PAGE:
Wednesday, November 23, 2005


Land for peace? Sharon says no deal.

Relating this back to what I wrote yesterday, Sharon is not interested in a "land for peace" type of deal with the Palestinians. No, as one of his close advisors, Eyal Arad, admits:
Since 1967, almost the entire international community and at least half the public in Israel assumed the conflict would be solved based on the formula of territories for peace.... This formula is both false philosophically and naive politically.... The territorial problem was not the root cause of the conflict ... What the Palestinians sought was not really territories that they could control and run in the form of the Camp David proposal. What they really sought was independence.
That is, the Israelis don't need to deal with issues of borders or land or viability or Jerusalem or a resolution to the refugee situation — just announce that the Palestinians have a state and these problems are solved. In fact, this is exactly what Azmi Bishara said at the annual conference of the Palestine Center in Washington, DC, this past weekend. As Bishara explains (pdf):
When people like Sharon and Bush suggest a Palestinian state, they take it from the final status language, although in Oslo there is no mentioning of a Palestinian state — there is mention of solving these four issues [refugees, Jerusalem, borders, and settlements] whereby a Palestinian state would be a logical result, if Israel gives up Jerusalem — East Jerusalem — and withdraws to the border of June 4, 1967, and if the right of return is recognized and settlements are dismantled. Of course in that case there would be a free Palestinian state, but the logic of Bush and Sharon is to give the Palestinians a Palestinian state instead of all that.

Their logic is as follows: if you had a Palestinian partner for a Palestinian state without solving these four issues, whether the state is a final status solution or a transition period for 20 or 30 years, the four issues will be dissolved and will vanish. Take for example the refugees — if you had a Palestinian state without giving them the right of return, they would be citizens of the Palestinian state abroad. Instead of refugees they would be immigrants. They would be guests in Lebanon, etc., and would have Palestinian passports which would solve the problem of their settlements in foreign countries. They would no longer be a demographic threat in Lebanon because they have a nationality and a passport, yet at the same time they would not be given the right of return.... Their problem will remain, but they — as problems for others — would be solved just by these magic words, “statehood” and “passport.” Thus the refugees issue will become one of expatriates — they have their state, they can go back to their state if they like.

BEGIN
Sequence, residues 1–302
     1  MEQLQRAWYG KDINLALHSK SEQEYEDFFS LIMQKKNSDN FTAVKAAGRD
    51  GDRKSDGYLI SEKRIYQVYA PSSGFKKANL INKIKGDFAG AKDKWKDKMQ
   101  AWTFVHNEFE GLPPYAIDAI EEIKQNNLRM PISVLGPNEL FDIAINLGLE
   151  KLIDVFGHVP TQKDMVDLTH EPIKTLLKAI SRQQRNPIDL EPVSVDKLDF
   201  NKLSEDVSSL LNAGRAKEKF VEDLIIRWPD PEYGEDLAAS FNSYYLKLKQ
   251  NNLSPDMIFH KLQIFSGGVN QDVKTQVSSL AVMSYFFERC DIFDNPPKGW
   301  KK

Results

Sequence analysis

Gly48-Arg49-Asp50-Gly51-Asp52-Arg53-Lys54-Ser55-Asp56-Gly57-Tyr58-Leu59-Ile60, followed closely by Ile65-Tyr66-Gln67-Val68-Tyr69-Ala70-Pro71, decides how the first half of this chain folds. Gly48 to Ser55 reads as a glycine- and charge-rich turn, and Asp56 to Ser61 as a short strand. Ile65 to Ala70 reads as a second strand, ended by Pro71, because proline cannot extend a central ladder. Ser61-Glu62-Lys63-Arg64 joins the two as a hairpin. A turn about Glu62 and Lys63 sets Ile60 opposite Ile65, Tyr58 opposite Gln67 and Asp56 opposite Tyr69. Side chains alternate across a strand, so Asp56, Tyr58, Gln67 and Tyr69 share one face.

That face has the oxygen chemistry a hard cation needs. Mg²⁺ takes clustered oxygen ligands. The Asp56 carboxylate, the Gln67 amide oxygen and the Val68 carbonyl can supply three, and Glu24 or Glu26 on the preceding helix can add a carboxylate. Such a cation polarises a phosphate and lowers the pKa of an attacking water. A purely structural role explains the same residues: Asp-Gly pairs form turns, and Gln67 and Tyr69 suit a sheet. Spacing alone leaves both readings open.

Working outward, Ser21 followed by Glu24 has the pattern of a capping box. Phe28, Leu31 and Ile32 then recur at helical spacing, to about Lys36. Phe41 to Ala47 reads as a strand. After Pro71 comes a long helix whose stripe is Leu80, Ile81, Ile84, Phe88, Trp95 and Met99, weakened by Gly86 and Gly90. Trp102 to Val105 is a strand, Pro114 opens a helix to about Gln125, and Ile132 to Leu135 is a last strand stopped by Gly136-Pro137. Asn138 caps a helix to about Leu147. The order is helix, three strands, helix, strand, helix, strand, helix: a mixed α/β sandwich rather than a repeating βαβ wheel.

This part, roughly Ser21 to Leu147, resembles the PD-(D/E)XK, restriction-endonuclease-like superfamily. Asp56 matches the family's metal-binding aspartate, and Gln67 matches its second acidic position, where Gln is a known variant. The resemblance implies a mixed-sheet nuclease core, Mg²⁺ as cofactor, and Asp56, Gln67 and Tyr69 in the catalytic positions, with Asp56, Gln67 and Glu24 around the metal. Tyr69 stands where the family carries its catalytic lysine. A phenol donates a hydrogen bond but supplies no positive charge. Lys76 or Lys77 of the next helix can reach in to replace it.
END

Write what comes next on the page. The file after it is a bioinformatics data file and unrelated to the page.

On Jerusalem and borders, the belief is that Palestinians won’t have to sign giving up Jerusalem and borders so that nobody will be called a traitor, and if they had a state — even if it is on 40 percent of the West Bank, as Mr. Sharon wants and as Mr. Bush agreed to [in Bush's letter of assurances to Sharon of April 2004] — this occupation and colonial issue will disappear magically by changing expressions and the word from one of occupation to a dispute between two states. You will have a Palestinian state and you have Israel. Between them, instead of the issue of occupation, you will have a “territorial dispute.”

Do you know how many territorial disputes there are in the world, even between Arab countries? So, the urgency of the Palestinian national issue as a colonial issue, and the sting, will be taken away. The Palestinian issue will be given its size, like Israel wants it to be given, as a trivial territorial dispute between two states. As you know, states have monopolizing power over violence, and the Palestinian state will be asked to monopolize violence, to monopolize arms, and to prevent struggle against Israel. It will be a struggle of two states, not a national liberation movement of resistance. It will be a territorial dispute between two states that has to be solved in a peaceful way, and an armed struggle has to be neutralized — for there is no place for it. Why? Because there is a Palestinian state now, and [armed struggle] is not contradicting Israel but it is contradicting the legitimacy of the Palestinian state. It will be thus a problem of the Palestinians, and no longer the problem of Israel. You see it is all very interesting.

On the issue of settlements, what will a Palestinian state do for the settlements? Settlements inside the areas of the Palestinian state, which are called the (illegitimate) “outposts,” along with some of the settlements deep inside of the 40 percent of the land for the Palestinian state, will probably be taken out. However, all the rest — which make up 60 percent of the West Bank and which are called “Area C” according to the language of Oslo — will be expanded. Actually, there will be an apartheid system called “two states,” with cantons, etc. The system in itself will involve privileged settlers — owners of the place, sovereigns who have the right to move freely, who consider the land historically theirs — and cantons in which the Palestinians live, called a “state.”
This is the logical result of the thinking of Sharon and of Eyal Arad. The Palestinians don't need land. They don't need an end to occupation. They don't need any of these things that Israel doesn't want to give up. However, giving them a "state" (if it comes with none of these things) does no harm to Israel — it merely changes the terminology of the conflict — and indeed puts it in a much more advantageous situation vis-a-vis the international community, the Arab world, and so on, by changing the conflict from one of occupation and resistance (with much symbolic importance) to just another dispute between states.

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